• Advanced Options/SSH (set this to enabled, it is important!)

Accept the modifications and reboot the system. Now, we should be able to configure it remotely through SSH.

Setting up the system

You can now log in over SSH from your computer:

After logging in, it is recommended to install Vim, the ultimate text editor:

Setting up WiFi connection (optional)

If you want to use WiFi instead of ethernet, then you have to set it up.

Edit the /etc/network/interfaces file:

And add the following lines to it:

If you are using wpa_supplicant, then this file should look like this:

In this case you have to write your credentials in the /etc/wpa_supplicant/wpa_supplicant.conf file:

Cleaning up raspbian

As we want to make a minimal system, we don’t need packages like Wolfram engine so we’re going to remove them.

Updating the system

I haven’t forgot it of course! Just we had to stabilise the system and the network connection. Now, update the system using the following command:

Formatting and mounting Hard drive

In this step, we have to prepare our backup destination. I’ll format it to ext4 filesystem and mount it under /backup.

First, start fdisk:

In fdisk command line, remove all partitions you have, then format it using the following command sequence:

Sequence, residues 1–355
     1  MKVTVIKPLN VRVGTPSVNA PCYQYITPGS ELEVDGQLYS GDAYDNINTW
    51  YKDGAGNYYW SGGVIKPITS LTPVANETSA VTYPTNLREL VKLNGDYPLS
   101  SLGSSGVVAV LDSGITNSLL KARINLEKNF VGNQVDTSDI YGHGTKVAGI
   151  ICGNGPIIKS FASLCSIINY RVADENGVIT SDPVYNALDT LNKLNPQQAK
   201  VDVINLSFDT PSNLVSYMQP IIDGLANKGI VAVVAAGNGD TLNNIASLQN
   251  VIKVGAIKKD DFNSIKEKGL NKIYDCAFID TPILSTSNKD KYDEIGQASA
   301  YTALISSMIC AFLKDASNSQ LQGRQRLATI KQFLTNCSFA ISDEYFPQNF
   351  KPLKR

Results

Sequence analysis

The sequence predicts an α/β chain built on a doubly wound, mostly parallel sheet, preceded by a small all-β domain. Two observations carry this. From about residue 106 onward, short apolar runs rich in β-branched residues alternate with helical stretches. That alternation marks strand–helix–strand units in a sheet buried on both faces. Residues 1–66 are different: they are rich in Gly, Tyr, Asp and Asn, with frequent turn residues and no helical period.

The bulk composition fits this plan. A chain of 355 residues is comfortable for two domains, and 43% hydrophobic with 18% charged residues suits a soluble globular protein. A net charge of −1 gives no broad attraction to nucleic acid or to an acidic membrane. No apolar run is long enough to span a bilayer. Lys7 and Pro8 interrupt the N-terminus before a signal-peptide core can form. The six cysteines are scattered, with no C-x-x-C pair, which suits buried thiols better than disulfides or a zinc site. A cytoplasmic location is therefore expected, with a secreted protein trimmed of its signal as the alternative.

• o (new partition table)
  • n (new partition)
  • p (primary)
  • 1 (first partition)
  • [enter] (first sector – default)
  • [enter] (last sector – default, means full disc)
  • w (write)

Okay, we’ve now created the one partition to rule them all… I mean all of our data. Now, we have to format it to ext4:

Adding it to fstab (/etc/fstab) for automounting:

Create an empty folder for this mount point:

Mount it:

And finally set the spin down time to 5 minutes to save a few watts. To do that install it:

Then edit the file /etc/hdparm.conf

Securing the system

This is the last and maybe most important step: we have to secure the system.

Fixing some issues

In the zeroth step, we have to fix a few issue in the filesystem. This can be done with the following commands:

The directories’ owners was set wrongly, but we changed it to root.

Installing UFW

Then, we need to set up a firewall which will ban every port, except 22. I don’t like iptables so I’ll use ufw, which is a lightweight iptables manager. Configure it using the following commands:

So sudo ufw status should look like this:

Installing fail2ban